For the first time in three years, Cumming and Forsyth County officials are huddling to discuss water.
The gathering was proposed Tuesday by County Commissioner Brian Tam after the commission rejected a proposal to explore long-term water solutions with Fulton County.
Tam, who suggested the county first "give the city a seat at the table," and Commissioner Jim Boff were scheduled to meet Thursday with Mayor H. Ford Gravitt and other city officials.
Tam said discussions at the meeting could include the county's water contract with the city of Cumming, which expires in three years. A measure to extend the pact was voted down in June 2006.
The county does not have a permit to withdraw water from Lake Lanier, though it has been trying to get one from the U.S. Army Corps of Engineers for decades.
The city, which does have a withdrawal permit, sells about 4.5 million gallons of water per day to the county.
Gravitt said this is the first time since that vote that the water contract has been brought back up.
"It's good news," Gravitt said. "Water's very critical. We need to see what the county's position is on the future for water in the county."
At Tuesday's work session, Commissioner Patrick Bell said signing a memorandum of understanding with Fulton County regarding future water use "sends the wrong message to the city of Cumming."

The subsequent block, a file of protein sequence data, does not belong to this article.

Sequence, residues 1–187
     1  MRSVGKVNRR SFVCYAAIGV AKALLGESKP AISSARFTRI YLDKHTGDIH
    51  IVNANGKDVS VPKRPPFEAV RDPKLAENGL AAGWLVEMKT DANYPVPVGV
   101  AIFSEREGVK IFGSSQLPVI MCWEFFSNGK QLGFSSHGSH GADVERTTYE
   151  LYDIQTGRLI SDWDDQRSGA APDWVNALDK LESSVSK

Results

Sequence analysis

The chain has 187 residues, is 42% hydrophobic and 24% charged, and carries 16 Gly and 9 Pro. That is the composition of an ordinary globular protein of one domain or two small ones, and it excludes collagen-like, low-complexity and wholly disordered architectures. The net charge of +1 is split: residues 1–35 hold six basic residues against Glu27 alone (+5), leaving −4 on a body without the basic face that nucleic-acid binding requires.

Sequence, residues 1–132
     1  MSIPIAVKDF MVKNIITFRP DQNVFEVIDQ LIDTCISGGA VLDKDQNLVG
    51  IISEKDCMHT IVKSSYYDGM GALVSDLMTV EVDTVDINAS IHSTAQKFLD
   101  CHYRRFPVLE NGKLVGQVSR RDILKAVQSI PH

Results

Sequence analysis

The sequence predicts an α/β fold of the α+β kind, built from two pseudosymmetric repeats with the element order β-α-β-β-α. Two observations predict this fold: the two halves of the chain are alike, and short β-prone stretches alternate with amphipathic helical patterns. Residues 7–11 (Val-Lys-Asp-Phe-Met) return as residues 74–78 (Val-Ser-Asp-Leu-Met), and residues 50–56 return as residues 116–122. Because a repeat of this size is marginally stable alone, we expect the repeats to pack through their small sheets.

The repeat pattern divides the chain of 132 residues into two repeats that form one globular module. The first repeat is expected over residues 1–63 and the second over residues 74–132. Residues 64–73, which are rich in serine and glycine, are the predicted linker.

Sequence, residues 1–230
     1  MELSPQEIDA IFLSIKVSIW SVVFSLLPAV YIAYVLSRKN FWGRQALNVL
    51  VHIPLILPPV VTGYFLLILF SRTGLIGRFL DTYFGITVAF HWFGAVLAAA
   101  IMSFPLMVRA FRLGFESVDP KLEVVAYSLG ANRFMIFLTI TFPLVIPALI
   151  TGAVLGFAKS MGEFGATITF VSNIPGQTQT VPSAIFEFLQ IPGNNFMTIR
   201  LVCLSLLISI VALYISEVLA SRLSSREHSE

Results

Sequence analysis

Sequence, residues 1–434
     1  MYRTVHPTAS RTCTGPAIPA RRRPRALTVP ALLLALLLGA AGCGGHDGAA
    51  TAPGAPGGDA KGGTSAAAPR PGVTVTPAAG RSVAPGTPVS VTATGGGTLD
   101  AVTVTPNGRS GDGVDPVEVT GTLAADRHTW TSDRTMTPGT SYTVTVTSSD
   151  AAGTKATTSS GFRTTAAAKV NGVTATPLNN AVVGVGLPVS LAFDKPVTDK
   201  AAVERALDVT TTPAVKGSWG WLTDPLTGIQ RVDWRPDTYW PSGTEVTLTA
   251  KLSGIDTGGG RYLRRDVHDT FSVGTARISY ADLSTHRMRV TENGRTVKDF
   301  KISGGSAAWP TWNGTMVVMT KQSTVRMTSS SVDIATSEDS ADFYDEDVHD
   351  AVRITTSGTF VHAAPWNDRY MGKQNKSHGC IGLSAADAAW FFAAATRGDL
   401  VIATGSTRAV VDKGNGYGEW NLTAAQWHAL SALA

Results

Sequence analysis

"We're going to another county to talk to them about water?" Bell said. "I'm just asking why we're making the effort to sit down and talk with other counties, when we don't make the same effort to talk with the city right here in our own county."
Chairman Charles Laughinghouse said commissioners were misinterpreting the intentions of the Fulton County plan.
"The only purpose is to allow the two governments to officially talk and draft some plans as to what might be viable alternatives," Laughinghouse said. "It's an opportunity to work with them to look at possible alternatives in both the Chattahoochee and Etowah [river] basins."
County Attorney Ken Jarrard said the proposal would "basically join the two respective county forces in an effort to come up with water solutions." It would not commit the board to anything except a "recognized relationship."
Boff said he didn't "follow the logic of how doing this sends a message to any other entity except us and [Fulton County]."
Boff, Laughinghouse and Jim Harrell voted Tuesday to sign the memorandum of understanding with Fulton County.
Tam and Bell opposed the measure.
An intergovernmental agreement requires approval from four of the five commissioners.
Harrell said the deal was a way to find options for the county.
"We need to turn over every rock we possibly can," he said.
Laughinghouse agreed. He said the chief concern was to "make sure that Forsyth County, and that includes the city of Cumming, has alternatives for water."